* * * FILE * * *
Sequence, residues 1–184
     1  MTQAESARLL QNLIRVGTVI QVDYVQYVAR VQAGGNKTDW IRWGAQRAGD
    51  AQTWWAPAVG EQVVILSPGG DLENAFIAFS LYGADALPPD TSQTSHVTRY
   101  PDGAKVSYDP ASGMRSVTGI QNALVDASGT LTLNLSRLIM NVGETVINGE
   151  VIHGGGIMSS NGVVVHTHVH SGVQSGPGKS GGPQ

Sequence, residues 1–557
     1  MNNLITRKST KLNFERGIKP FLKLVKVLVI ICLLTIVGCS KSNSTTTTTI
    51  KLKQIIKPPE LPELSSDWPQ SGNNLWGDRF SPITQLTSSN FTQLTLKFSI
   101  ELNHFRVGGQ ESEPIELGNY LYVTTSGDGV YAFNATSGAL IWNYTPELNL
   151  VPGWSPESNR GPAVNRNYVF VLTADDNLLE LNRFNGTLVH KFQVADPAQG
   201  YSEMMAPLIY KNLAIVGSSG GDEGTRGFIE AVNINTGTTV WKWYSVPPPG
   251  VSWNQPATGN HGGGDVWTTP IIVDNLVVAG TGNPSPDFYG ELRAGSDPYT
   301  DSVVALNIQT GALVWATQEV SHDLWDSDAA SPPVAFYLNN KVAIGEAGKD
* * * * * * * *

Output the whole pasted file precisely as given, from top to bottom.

Sequence, residues 1–184
     1  MTQAESARLL QNLIRVGTVI QVDYVQYVAR VQAGGNKTDW IRWGAQRAGD
    51  AQTWWAPAVG EQVVILSPGG DLENAFIAFS LYGADALPPD TSQTSHVTRY
   101  PDGAKVSYDP ASGMRSVTGI QNALVDASGT LTLNLSRLIM NVGETVINGE
   151  VIHGGGIMSS NGVVVHTHVH SGVQSGPGKS GGPQ

Sequence, residues 1–557
     1  MNNLITRKST KLNFERGIKP FLKLVKVLVI ICLLTIVGCS KSNSTTTTTI
    51  KLKQIIKPPE LPELSSDWPQ SGNNLWGDRF SPITQLTSSN FTQLTLKFSI
   101  ELNHFRVGGQ ESEPIELGNY LYVTTSGDGV YAFNATSGAL IWNYTPELNL
   151  VPGWSPESNR GPAVNRNYVF VLTADDNLLE LNRFNGTLVH KFQVADPAQG
   201  YSEMMAPLIY KNLAIVGSSG GDEGTRGFIE AVNINTGTTV WKWYSVPPPG
   251  VSWNQPATGN HGGGDVWTTP IIVDNLVVAG TGNPSPDFYG ELRAGSDPYT
   301  DSVVALNIQT GALVWATQEV SHDLWDSDAA SPPVAFYLNN KVAIGEAGKD